After a barnstorming Guinness Six Nations, Finn Russell is back in club colours as his Racing 92 side prepare for this weekend’s Champions Cup quarter-final clash with Toulouse.
The fly-half starts at 10 in the all-French affair at the Paris La Defense Arena on Sunday, with a place in the final four at stake.
The 26-year old started four of his side’s five Guinness Six Nations matches, missing only Scotland’s defeat in France, and was awarded man-of-the-match honours in his side’s remarkable 38-38 draw with England in Round Six.
Still in his maiden season with Racing after making the move across the channel from Glasgow Warriors at the conclusion of the 2017-18 campaign, Russell has been making waves in Paris, instrumental in both his team’s Top 14 efforts as well as their so-far successful European jaunt.
A monster clash awaits this weekend, however, with Top 14 runaway leaders Toulouse the visitors to Racing’s recognisably roofed home, and his teammates will no doubt look to Russell to provide the necessary creative spark.
The question of whether the half-back is in form is not in doubt – in fact, he improved throughout the Guinness Six Nations, with his hugely diverse skillset on show for all to see.
Arguably the perfect fly-half, Russell is equally comfortable in his distribution with either the boot or the hand, with his kicking and passing ranges up there with the best.
In Scotland’s impressive Round One bonus point victory over Italy, Russell dictated play with both, setting up Blair Kinghorn with a perfectly-placed cross-field kick before demonstrating his versatility with a tempting grubber through to find Stuart Hogg for the score.
He grabbed a third assist in the Round Two defeat to Ireland, this time highlighting his peerless vision and nous.
Picking off a rogue Joey Carbery pass, Russell darted towards the line before recognising the attentions of Keith Earls, instead waiting until the last minute before shifting to Sam Johnson who did the rest.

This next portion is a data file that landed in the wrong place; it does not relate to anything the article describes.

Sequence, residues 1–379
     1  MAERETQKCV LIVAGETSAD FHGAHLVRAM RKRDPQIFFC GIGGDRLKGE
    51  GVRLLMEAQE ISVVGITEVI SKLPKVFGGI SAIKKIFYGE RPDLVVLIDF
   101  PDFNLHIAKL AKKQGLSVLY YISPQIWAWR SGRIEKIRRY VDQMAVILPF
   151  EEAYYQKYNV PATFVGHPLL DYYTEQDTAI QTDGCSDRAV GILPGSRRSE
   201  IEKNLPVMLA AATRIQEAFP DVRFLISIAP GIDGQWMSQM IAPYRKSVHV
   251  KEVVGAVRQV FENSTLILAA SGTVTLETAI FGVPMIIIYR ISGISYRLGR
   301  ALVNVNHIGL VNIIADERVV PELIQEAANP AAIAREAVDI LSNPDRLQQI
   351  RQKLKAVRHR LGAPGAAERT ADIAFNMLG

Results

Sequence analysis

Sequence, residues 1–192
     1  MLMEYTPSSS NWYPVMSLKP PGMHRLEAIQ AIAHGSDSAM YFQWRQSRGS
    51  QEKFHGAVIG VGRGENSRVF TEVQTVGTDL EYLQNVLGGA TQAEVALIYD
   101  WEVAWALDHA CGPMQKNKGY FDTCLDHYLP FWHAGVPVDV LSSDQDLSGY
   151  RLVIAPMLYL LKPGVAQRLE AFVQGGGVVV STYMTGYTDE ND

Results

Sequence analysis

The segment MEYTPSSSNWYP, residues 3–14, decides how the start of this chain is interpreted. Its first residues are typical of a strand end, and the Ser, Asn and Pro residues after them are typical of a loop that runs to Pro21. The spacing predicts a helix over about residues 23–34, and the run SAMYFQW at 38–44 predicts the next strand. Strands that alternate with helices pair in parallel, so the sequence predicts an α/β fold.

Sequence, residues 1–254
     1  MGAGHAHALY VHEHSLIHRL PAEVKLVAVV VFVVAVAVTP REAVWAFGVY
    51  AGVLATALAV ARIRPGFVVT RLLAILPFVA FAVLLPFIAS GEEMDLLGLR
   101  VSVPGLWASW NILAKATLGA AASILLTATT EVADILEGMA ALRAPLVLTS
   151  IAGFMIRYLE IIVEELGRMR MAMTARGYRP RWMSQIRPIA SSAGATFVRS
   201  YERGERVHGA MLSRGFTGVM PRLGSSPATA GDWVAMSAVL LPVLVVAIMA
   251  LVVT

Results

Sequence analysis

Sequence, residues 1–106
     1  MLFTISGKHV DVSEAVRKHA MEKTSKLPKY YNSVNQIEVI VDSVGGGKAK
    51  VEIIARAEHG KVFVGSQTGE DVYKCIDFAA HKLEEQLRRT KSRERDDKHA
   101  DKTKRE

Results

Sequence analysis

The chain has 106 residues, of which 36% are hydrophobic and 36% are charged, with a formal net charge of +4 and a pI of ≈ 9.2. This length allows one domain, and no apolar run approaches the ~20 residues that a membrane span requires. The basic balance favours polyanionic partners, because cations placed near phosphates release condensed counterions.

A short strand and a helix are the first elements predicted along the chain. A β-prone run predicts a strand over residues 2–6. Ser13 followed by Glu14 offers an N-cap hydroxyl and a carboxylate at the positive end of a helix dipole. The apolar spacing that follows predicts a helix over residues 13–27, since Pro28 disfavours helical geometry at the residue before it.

But it was arguably the final game of the Championship where Russell truly came into his own.
After a placid first-half display, it was reportedly Russell who sparked things in the Scotland dressing room at Twickenham during the break.
The fly-half admitted after the match to sharing some heated words with head coach Gregor Townsend, emphasising another string to his bow: his leadership qualities.
What happened next will go down in folklore – six tries without reply and Russell involved throughout in a performance that captured in microcosm all that is good about the mercurial half-back.
Russell scored one, assisted another and set up a third with a long-range pass to Sean Maitland.
Tallying nine points of his own, Russell’s kicking was by no means limited to the goal as he unleashed 16 for a total distance of 545.3m, while also carrying for an average gain of 11.6m.
For his try, it was his vision that again came to the forefront, intercepting an Owen Farrell pass in an eerie echo of the Ireland game, but this time he went all the way himself.
It was a performance that had many – including Racing fans – salivating, while Jeremy Guscott was unequivocal in his praise of the Stirling native.
“He is entertainment,” said Guscott.
“He is box office. He reminds me of my old British and Irish Lions team-mate and his Scotland coach Gregor Townsend, who could frustrate you one moment and have you jumping up and down with a moment of brilliance the next.
“Mistakes are an inevitable consequence of the way he plays but when he manages to squeeze out some of the errors out of his game, he will be an even better player.”
Russell has been largely without mistakes during 2019, and while it may be a big ask for his Racing side to topple the juggernaut that is Toulouse, with Russell leading the way and providing a vital fulcrum, they will likely have as good a chance as any.